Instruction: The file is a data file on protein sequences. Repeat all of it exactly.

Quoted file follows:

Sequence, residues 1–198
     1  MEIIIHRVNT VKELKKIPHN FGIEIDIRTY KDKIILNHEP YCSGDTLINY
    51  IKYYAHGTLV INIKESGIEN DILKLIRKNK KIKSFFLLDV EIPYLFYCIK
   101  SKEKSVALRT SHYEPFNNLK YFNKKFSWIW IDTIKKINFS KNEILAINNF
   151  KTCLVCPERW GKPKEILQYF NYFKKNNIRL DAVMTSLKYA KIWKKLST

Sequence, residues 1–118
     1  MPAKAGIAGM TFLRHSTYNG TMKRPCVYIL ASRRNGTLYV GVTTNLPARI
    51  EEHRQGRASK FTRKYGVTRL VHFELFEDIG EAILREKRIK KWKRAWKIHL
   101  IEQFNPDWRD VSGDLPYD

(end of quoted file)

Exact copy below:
Sequence, residues 1–198
     1  MEIIIHRVNT VKELKKIPHN FGIEIDIRTY KDKIILNHEP YCSGDTLINY
    51  IKYYAHGTLV INIKESGIEN DILKLIRKNK KIKSFFLLDV EIPYLFYCIK
   101  SKEKSVALRT SHYEPFNNLK YFNKKFSWIW IDTIKKINFS KNEILAINNF
   151  KTCLVCPERW GKPKEILQYF NYFKKNNIRL DAVMTSLKYA KIWKKLST

Sequence, residues 1–118
     1  MPAKAGIAGM TFLRHSTYNG TMKRPCVYIL ASRRNGTLYV GVTTNLPARI
    51  EEHRQGRASK FTRKYGVTRL VHFELFEDIG EAILREKRIK KWKRAWKIHL
   101  IEQFNPDWRD VSGDLPYD